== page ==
On July 28, 2003, disabled athletes of the Paralympic Games and a marketing company sued the U.S. Olympic Committee in the U.S. District Court for the District of Colorado, Judge John L. Kane, claiming that the USOC had a policy of giving grants, tuition assistance, and health insurance benefits only to Olympic and Pan American Games athletes but not to paralympic athletes. The USOC also allegedly denied paralympic athletes access to training facilities and did not give them cash rewards for winning medals, like olympic athletes. The plaintiffs claimed these practices violate Title III of the Americans With Disabilities Act, 42 U.S.C. § 12181; and Section 504 of the Rehabilitation Act, 29 U.S.C. § 794.
Although the Court never specifically ordered consolidation, on June 14, 2006, an order regarding motions for summary judgment consolidated the Hollonbeck Case with Shepherd v. U.S. Olympic Committee,
also filed in the District of Colorado under Judge Kane. The complaint was filed on October 26, 1999.
The individual plaintiffs were all athletes with disabilities who competed in the Paralympic Games, an international competition similar to the Olympic Games. The marketing company was a Georgia Corporation owned and managed by one of the plaintiffs. It was founded for the purpose of obtaining sponsors for the Paralympics.
The plaintiffs filed an amended complaint on October 22, 2003 adding claims for breach of contract and promissory estoppel regarding a contract between the marketing company and USOC.
The plaintiffs sought: a declaratory judgment that the defendants' actions violated the ADA, the Rehabilitation Act, and constituted a breach of contract; an injunction requiring the defendants to provide equal access to services and benefits to paralympic athletes; compensatory and other damages under state law and the Rehabilitation Act; and attorneys' fees and costs.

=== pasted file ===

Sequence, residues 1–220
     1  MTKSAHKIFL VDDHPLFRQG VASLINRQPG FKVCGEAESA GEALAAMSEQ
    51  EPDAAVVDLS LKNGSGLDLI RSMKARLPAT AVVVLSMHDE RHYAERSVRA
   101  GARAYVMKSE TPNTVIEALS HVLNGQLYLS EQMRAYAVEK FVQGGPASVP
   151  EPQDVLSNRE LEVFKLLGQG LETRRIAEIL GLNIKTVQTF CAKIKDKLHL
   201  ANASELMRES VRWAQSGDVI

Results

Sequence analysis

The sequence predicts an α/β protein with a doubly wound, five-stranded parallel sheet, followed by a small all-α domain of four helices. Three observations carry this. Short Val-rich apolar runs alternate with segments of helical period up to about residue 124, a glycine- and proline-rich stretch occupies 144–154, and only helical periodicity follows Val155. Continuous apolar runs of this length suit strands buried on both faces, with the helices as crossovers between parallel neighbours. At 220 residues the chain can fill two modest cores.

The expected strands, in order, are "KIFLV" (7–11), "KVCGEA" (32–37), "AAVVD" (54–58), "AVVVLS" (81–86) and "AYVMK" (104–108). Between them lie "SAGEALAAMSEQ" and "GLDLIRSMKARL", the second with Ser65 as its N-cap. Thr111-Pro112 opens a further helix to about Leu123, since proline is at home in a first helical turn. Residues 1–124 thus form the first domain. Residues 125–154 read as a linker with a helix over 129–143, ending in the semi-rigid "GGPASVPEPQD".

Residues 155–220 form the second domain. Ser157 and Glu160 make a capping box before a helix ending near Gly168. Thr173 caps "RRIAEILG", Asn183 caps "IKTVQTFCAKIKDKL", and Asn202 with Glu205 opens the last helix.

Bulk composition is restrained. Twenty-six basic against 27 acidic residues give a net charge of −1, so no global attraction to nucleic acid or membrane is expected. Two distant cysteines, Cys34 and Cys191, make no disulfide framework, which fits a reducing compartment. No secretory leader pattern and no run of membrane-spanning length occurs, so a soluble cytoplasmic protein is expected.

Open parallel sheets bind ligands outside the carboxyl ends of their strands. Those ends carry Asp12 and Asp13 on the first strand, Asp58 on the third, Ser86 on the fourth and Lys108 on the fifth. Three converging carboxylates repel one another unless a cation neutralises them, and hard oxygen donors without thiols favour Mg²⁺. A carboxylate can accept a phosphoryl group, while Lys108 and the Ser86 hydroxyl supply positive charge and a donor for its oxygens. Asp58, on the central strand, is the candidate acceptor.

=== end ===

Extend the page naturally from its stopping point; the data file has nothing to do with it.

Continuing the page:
On November 16, 2006, the District Court granted the defendants' motion to dismiss Counts I and II. Hollonbeck v. U.S. Olympic Committee,
464 F. Supp. 2d 1072 (D. Colo. 2006). The Court found many parts of the claims problematic; that the training facilities were not really "public accommodations" because they were limited to athletes preselected by the USOC; that the ASA separated the Olympics and Paralympics programs with their own governing bodies, thus plaintiffs had not been "excluded;" and that the plaintiffs' complaint asked for equal
rather than equivalent accommodations, which is not required by the ADA. The docket indicates that on January 10, 2007, the clerk entered final judgment on Counts I and II against the plaintiffs.
On July 12, 2007, the District Court dismissed the plaintiffs' remaining claims regarding the marketing contract and entered final judgment for the defendants.
The United States Court of Appeals, Tenth Circuit, consolidated the Shepherd and Hollonbeck cases for appeal. All plaintiffs appealed the District Court's grant of the defendants' motion to dismiss the plaintiffs' claims. The Court of Appeals upheld the District Court's dismissal, finding that although the USOC's policy resulted in disparate impact on disabled athletes, this did not state a claim under the ADA and the Rehabilitation Act. Judge Holloway dissented and would have reversed the District Court. Hollonbeck v. U.S. Olympic Committee,
513 F.3d 1191 (10th Cir. 2008).
On October 6, 2008, the Supreme Court denied the plaintiffs' petition for a writ of certiorari. Hollonbeck v. U.S. Olympic Committee,
129 S. Ct. 114 (2008). The last entry on the docket, on October 14, 2008, notes the Supreme Court's order.Eric Weiler - 07/03/2010